John says this is music capable of surprise and delight.
“Though there is a beautiful flow to the music and an aching search to make colourful connections to what might be termed the modern pop song, they do still indulge themselves in dragging the music away from the standard, more recognisable structures, often dissecting tracks into two or three-part movements. Exploration and dissolute patterning still play an important role in discovering the true heart of each piece.”
Eden can find scant flaw in Terrapin from Outrun the Sunlight..
“What we have before us is what happens when an artist falls deeply in love with his own creation. Not to be mistaken with falling in lust, whereupon music quickly degrades into mindless masturbation, this unique state comes from having poured hours and hours into not only each track but also each note, turn and phrase. The result is a cohesive whole that flows from part to part in an organic fashion, exploring diverse themes while maintaining a distinct sense of self.”
Eden has always set high standards for instrumental music and finds them fulfilled here.
“Perfectly produced instrumentals fuse jazz, post rock, metalcore and djent into one extremely cohesive unit, fully assuring you that indeed, this is Outrun the Sunlight. Contained within its twists and turns, album and track alike, is one undeniable fact: this is the best instrumental album of the year.”
Kyle Gaddo gives 4/5 to another instrumental album, Muse from Plano, Texas natives Polyphia.
“Although Polyphia are just releasing their first album, this fine group of young men have already shown the world that they are more than capable musicians, writing thoughtful, head-bobbingly good tunes that would give even the most proliferated talents cause for concern. With their debut album, Muse, the boys in Polyphia showcase their strengths to great effect; eleven tracks replete with leads, grooves, and oodly-noodly enjoyment.”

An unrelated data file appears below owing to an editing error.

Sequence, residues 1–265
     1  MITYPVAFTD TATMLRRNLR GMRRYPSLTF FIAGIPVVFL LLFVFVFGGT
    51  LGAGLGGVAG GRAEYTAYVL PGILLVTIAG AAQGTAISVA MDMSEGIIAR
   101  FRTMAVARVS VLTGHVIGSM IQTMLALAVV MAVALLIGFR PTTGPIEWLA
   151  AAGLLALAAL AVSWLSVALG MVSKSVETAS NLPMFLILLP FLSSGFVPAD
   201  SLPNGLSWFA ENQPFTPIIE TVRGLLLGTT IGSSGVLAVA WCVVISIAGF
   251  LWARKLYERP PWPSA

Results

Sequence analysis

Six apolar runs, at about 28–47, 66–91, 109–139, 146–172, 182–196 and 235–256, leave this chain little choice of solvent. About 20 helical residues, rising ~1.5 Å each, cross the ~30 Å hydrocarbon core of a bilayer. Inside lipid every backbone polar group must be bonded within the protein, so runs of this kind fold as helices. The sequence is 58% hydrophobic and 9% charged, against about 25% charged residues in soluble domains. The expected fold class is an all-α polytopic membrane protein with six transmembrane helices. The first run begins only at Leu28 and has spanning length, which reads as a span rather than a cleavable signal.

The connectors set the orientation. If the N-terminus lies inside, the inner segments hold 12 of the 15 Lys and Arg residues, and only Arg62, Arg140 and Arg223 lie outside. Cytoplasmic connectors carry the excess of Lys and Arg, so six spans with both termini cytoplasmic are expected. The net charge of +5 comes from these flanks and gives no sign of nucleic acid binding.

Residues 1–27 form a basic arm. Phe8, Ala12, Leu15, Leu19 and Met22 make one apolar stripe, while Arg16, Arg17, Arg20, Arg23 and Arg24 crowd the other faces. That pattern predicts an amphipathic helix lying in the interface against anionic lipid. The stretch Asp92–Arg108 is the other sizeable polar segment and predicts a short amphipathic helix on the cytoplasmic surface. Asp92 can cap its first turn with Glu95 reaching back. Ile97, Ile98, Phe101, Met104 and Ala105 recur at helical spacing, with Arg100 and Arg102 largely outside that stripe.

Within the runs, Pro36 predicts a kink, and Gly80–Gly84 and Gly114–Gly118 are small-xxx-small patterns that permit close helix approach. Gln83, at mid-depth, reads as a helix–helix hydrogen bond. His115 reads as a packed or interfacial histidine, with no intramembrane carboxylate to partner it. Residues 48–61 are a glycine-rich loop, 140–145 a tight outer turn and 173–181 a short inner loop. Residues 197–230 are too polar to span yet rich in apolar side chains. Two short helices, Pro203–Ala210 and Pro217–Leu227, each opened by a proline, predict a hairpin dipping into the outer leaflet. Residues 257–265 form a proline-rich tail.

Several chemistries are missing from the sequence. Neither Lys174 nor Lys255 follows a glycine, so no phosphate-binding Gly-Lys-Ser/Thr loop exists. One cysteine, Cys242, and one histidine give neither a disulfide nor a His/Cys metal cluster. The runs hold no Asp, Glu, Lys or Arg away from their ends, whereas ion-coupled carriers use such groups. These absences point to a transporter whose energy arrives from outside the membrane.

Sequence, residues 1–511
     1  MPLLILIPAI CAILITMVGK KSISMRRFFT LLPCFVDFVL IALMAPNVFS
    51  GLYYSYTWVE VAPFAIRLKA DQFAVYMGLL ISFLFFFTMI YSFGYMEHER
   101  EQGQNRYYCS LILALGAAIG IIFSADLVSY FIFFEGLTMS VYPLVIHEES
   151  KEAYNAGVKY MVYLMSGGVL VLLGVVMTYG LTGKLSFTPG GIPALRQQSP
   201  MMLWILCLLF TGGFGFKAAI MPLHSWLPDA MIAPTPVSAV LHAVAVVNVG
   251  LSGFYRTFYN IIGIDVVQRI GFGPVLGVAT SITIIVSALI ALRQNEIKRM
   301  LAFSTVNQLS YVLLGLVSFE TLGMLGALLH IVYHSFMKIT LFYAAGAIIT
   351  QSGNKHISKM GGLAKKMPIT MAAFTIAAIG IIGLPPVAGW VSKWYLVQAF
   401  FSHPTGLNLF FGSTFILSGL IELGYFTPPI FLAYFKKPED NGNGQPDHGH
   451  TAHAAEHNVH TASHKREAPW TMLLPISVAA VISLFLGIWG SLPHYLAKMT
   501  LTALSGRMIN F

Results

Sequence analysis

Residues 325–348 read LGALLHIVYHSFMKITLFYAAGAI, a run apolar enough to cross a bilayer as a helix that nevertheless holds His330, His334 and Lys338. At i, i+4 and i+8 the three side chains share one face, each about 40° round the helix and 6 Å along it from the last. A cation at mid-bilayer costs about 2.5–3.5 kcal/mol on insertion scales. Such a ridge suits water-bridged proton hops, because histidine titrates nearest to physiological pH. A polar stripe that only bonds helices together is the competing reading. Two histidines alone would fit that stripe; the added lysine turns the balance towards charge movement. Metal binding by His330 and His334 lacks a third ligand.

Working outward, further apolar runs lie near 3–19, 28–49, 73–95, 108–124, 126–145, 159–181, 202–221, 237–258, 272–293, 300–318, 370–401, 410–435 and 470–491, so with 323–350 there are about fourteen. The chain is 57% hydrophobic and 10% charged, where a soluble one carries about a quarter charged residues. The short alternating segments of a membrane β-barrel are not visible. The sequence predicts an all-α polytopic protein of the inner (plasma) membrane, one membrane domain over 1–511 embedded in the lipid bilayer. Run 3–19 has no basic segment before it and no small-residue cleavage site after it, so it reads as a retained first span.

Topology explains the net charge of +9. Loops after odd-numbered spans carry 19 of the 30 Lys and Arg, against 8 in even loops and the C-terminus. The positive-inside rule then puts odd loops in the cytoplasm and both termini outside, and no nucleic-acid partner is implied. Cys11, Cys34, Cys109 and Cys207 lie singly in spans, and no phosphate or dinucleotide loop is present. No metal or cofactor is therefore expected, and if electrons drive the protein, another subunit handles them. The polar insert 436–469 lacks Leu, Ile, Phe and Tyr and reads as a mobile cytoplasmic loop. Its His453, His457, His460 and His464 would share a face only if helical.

Kyle finds Muse a welcme relief from those instrumental bands that take themselves too seriously.
“Polyphia have written a love letter, punctuating each and every would-be-word with “fun.” There are no “dull” moments here, as each song carries a whimsical hook to keep you coming back time and time again.”
Eden wraps up the fortnight with our first whiff of 5/5 perfection with Contrast by Clément Belio.
“What is Contrast by Clément Belio? It is a practice in imitation as inspiration. It is the essence of eclecticism. It is bewildering, delighting, decentralized and insane. By the composer’s own words, it is a patchwork of everything he loves in music, thrown into the melting pot of his brain.”
Eden says Contrast is based on the principle of quoting other musicians, folks like Devin Townsend, TesseracT and Animals as Leaders but the result is so much more than that.
“Yes, the quotes are done in an amazing fashion and they make the album a joy to listen to for any fan of progressive metal. But this album also has a ton of originality on it which lives in the spaces between the obvious tributes. ‘Swell & Waves’ or ‘DROP THE feather…’ are some of the best jazz/rock tracks I’ve heard in a long time. The haunting spaces of ‘Au passage de Cygne’ or ‘Kali’ are expertly produced and performed. This would be a very easy fact to forget if you focus just on the quotations: Clément Belio is extremely talented. At everything.”
Enjoy your turkey and we will be back with more reviews and our “Best of Lists” in the weeks ahead.